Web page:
These two transcription procedures are under complementary controls exerted by a variety of intra- and extracellular agents which favor or antagonize specific ERα-mediated actions, including also synergistic effects. The selection between these possibilities is related to the flexibility of the receptor, which modulates the exposure of its functional domains (domains present in all nuclear receptors defined by the six first letters of the alphabet) [1,2,3,4,5,6,7,8,9].
The A/B domain, localized at the N-terminal edge of ERα, is mainly unstructured and hydrophilic (rich in positively amino acids), in contrast to the hormone/ligand-binding domain, which is well folded and hydrophobic (E domain). It may associate with an estrogen-binding protein (GPR30) [16] localized on the plasma membrane to satisfy extracellular exigencies not necessarily of estrogenic nature; regulatory peptides targeted in the vicinity of this protein through interaction with the receptor may activate signal transduction pathways as well as gene expression. An activation motif localized within this A/B domain, called Activation Function (AF-1), is implicated in this mechanism.
The E domain contains an AF-2 function, which is essentially estrogen-dependent, in contrast to AF-1. This function regulates the exposure of zinc fingers of the C domain, which interact with EREs for ERα-directed transcriptions; this procedure requires a conformational change at the level of a flexible “hinge” subregion localized in the D/E border, which governs the expression of a third activating site (BF-3) implicated in the recruitment of coregulators [17,18]. A motif of this border hinge subregion (Pro 295-Thr 311) able to interact with these coregulators [19], plays a role of prime importance in this activation mechanism, which coordinates of the actions of AF-1 and AF-2, eventually giving rise to synergistic effects [20,21].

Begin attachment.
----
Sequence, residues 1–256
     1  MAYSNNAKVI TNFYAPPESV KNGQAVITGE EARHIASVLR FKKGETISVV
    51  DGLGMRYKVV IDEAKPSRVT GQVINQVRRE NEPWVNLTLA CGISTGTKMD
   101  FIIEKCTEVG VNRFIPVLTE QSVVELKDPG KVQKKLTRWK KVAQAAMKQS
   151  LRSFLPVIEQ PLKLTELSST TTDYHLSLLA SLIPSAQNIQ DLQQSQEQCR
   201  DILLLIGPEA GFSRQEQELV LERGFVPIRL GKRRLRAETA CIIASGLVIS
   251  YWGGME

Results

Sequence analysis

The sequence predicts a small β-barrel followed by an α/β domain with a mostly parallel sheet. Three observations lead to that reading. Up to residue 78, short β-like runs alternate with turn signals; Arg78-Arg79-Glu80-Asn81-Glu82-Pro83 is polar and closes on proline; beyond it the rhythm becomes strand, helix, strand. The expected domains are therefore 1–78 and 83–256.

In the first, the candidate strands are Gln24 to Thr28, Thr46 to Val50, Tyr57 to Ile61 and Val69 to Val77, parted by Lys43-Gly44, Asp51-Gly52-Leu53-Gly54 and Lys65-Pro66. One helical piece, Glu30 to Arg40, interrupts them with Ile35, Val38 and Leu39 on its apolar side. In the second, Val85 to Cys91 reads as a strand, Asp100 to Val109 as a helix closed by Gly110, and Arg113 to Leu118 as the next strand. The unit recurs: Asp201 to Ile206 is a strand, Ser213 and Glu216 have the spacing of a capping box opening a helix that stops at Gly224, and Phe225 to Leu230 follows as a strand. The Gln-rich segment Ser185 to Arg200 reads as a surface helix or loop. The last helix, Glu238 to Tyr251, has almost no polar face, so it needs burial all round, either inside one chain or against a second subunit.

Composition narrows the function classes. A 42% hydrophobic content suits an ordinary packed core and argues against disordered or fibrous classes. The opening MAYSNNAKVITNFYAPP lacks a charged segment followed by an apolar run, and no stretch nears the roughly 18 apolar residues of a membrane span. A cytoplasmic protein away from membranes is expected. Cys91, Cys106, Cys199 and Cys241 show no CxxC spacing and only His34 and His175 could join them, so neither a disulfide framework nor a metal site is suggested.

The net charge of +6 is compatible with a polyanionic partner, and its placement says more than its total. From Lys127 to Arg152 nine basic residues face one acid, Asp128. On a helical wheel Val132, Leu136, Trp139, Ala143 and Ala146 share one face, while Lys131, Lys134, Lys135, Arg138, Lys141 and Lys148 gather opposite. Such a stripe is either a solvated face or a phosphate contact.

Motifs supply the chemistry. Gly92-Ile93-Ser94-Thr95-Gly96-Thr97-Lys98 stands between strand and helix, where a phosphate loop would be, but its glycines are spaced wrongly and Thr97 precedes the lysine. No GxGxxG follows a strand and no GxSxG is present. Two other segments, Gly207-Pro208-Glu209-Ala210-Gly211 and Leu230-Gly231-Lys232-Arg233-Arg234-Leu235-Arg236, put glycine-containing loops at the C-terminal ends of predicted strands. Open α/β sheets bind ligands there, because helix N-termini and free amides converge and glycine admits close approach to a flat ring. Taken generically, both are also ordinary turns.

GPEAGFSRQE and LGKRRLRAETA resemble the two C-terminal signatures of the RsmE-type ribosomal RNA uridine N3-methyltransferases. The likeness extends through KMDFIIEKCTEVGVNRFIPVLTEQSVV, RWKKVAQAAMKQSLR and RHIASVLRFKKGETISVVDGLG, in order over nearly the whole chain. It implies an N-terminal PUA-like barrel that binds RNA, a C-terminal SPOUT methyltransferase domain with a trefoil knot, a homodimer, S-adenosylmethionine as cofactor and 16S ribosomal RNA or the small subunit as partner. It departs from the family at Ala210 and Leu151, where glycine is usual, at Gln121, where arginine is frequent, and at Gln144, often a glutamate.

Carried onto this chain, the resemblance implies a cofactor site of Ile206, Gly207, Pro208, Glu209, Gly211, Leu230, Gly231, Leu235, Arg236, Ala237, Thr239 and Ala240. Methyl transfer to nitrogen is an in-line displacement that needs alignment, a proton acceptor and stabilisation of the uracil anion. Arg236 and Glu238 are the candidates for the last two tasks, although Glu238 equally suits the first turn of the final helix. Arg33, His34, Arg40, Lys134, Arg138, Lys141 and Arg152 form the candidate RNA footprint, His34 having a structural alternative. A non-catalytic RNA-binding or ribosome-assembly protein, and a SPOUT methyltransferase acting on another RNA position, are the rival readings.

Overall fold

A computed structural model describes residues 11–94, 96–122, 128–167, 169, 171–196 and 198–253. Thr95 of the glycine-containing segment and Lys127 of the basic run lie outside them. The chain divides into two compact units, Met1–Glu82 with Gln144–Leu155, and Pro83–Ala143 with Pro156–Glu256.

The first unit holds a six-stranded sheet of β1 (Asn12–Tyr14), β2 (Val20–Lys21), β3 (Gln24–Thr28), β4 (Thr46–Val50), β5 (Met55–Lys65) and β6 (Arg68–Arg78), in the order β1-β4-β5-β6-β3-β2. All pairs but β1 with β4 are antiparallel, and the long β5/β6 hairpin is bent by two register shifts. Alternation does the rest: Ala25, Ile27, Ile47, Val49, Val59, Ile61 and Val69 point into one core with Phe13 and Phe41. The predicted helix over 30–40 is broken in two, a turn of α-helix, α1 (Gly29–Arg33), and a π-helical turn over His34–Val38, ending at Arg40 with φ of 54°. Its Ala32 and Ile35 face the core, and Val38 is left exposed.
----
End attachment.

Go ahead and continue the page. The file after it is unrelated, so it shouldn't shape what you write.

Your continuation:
Indeed, this “hinge” subregion coordinates a lot of regulatory requests received at the level of recruitment sites localized along the whole primary structure of the receptor, including also its F domain, the function of which has largely been less well described than that of the other domains [3,4,5,6,7,8]. Nevertheless, its implication in tamoxifen-mediated AF-1 activation [3] as well as in dimerization antagonism [22] is known. ERα conformations resulting from this hinge-mediated action are fixed to avoid incoherent responses potentially generated by incompatible requests [23,24]. This appropriate stabilization is reinforced by irreversible posttranscriptional changes (phosphorylation, methylation, acetylation [25]) which govern the intracellular traffic and turnover rate of ERα implicated in multiple functions(growth/apoptosis, secretion of growth factors for inter-cellular dialogs) [3,4,5,6,7]. The required coordination between these distinct functions is largely enhanced by the presence of some recruitment sites within “hubs” [25]. The Pro295-Thr311 motif is a typical example of this managing structure: it promotes, respectively, the association of ERα with the Hsp 70/90 chaperones that maturates the newly synthesized receptor [19], the GPR30 plasma membrane [16] as well as calmodulin, which stabilizes the receptor within the nucleus in a homo-dimeric form required for ERE-transcriptions [26,27]. Two Lysines (202 and 203) of this motif are directly implicated in these properties as well as its ubiquitination which governs its turnover rate [8,28].

3. Ligand Insertion within the ERα Binding Pocket

The insertion of estrogens as well as their antagonists within the hormone-binding pocket of ERα is logically implicated in the selection of genes whose expression is being requested. This property imposes distinct interactions between the structural chemical elements of these ligands and the residues of this pocket. This topic is addressed in this section in terms of its structure–activity relationship.